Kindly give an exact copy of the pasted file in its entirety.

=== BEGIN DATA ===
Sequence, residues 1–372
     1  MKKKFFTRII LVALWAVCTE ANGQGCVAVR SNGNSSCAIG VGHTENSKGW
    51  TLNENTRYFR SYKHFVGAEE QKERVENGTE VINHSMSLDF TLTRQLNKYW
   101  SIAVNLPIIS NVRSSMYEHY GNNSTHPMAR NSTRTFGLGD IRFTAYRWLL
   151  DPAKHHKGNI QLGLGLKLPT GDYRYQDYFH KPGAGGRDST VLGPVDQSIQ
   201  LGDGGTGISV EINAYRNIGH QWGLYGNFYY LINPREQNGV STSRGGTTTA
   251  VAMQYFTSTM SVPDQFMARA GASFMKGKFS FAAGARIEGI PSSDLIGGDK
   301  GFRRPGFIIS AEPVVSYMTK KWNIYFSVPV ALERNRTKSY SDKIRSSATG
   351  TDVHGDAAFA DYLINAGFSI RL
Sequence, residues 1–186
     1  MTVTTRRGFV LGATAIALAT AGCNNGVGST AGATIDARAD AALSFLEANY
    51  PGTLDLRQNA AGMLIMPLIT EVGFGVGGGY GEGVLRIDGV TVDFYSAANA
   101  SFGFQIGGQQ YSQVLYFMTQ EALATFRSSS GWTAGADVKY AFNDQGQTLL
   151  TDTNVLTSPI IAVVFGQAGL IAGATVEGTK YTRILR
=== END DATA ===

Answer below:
Sequence, residues 1–372
     1  MKKKFFTRII LVALWAVCTE ANGQGCVAVR SNGNSSCAIG VGHTENSKGW
    51  TLNENTRYFR SYKHFVGAEE QKERVENGTE VINHSMSLDF TLTRQLNKYW
   101  SIAVNLPIIS NVRSSMYEHY GNNSTHPMAR NSTRTFGLGD IRFTAYRWLL
   151  DPAKHHKGNI QLGLGLKLPT GDYRYQDYFH KPGAGGRDST VLGPVDQSIQ
   201  LGDGGTGISV EINAYRNIGH QWGLYGNFYY LINPREQNGV STSRGGTTTA
   251  VAMQYFTSTM SVPDQFMARA GASFMKGKFS FAAGARIEGI PSSDLIGGDK
   301  GFRRPGFIIS AEPVVSYMTK KWNIYFSVPV ALERNRTKSY SDKIRSSATG
   351  TDVHGDAAFA DYLINAGFSI RL
Sequence, residues 1–186
     1  MTVTTRRGFV LGATAIALAT AGCNNGVGST AGATIDARAD AALSFLEANY
    51  PGTLDLRQNA AGMLIMPLIT EVGFGVGGGY GEGVLRIDGV TVDFYSAANA
   101  SFGFQIGGQQ YSQVLYFMTQ EALATFRSSS GWTAGADVKY AFNDQGQTLL
   151  TDTNVLTSPI IAVVFGQAGL IAGATVEGTK YTRILR